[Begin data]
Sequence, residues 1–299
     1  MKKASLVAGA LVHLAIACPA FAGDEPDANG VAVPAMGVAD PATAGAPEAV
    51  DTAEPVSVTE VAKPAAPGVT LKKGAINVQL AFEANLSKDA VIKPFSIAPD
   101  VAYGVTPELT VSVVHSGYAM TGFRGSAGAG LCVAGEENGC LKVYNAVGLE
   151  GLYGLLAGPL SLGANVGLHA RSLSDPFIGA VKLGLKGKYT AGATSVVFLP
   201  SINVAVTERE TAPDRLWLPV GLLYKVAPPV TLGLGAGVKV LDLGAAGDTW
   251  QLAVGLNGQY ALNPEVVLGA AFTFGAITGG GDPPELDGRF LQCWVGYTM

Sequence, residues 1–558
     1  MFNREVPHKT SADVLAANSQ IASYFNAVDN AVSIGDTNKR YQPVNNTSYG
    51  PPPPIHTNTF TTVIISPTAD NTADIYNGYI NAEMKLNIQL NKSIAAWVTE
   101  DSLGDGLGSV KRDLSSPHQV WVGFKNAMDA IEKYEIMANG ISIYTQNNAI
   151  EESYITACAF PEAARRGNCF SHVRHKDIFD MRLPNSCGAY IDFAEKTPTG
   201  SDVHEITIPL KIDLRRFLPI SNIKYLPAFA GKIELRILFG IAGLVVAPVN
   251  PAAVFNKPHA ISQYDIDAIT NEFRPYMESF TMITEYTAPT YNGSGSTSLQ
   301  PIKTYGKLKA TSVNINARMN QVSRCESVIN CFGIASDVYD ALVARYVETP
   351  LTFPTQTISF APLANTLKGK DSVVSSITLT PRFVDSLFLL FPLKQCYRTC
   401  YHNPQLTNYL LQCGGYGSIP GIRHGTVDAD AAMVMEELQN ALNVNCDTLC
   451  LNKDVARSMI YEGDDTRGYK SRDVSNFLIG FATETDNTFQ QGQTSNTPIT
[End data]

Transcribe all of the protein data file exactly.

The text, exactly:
Sequence, residues 1–299
     1  MKKASLVAGA LVHLAIACPA FAGDEPDANG VAVPAMGVAD PATAGAPEAV
    51  DTAEPVSVTE VAKPAAPGVT LKKGAINVQL AFEANLSKDA VIKPFSIAPD
   101  VAYGVTPELT VSVVHSGYAM TGFRGSAGAG LCVAGEENGC LKVYNAVGLE
   151  GLYGLLAGPL SLGANVGLHA RSLSDPFIGA VKLGLKGKYT AGATSVVFLP
   201  SINVAVTERE TAPDRLWLPV GLLYKVAPPV TLGLGAGVKV LDLGAAGDTW
   251  QLAVGLNGQY ALNPEVVLGA AFTFGAITGG GDPPELDGRF LQCWVGYTM

Sequence, residues 1–558
     1  MFNREVPHKT SADVLAANSQ IASYFNAVDN AVSIGDTNKR YQPVNNTSYG
    51  PPPPIHTNTF TTVIISPTAD NTADIYNGYI NAEMKLNIQL NKSIAAWVTE
   101  DSLGDGLGSV KRDLSSPHQV WVGFKNAMDA IEKYEIMANG ISIYTQNNAI
   151  EESYITACAF PEAARRGNCF SHVRHKDIFD MRLPNSCGAY IDFAEKTPTG
   201  SDVHEITIPL KIDLRRFLPI SNIKYLPAFA GKIELRILFG IAGLVVAPVN
   251  PAAVFNKPHA ISQYDIDAIT NEFRPYMESF TMITEYTAPT YNGSGSTSLQ
   301  PIKTYGKLKA TSVNINARMN QVSRCESVIN CFGIASDVYD ALVARYVETP
   351  LTFPTQTISF APLANTLKGK DSVVSSITLT PRFVDSLFLL FPLKQCYRTC
   401  YHNPQLTNYL LQCGGYGSIP GIRHGTVDAD AAMVMEELQN ALNVNCDTLC
   451  LNKDVARSMI YEGDDTRGYK SRDVSNFLIG FATETDNTFQ QGQTSNTPIT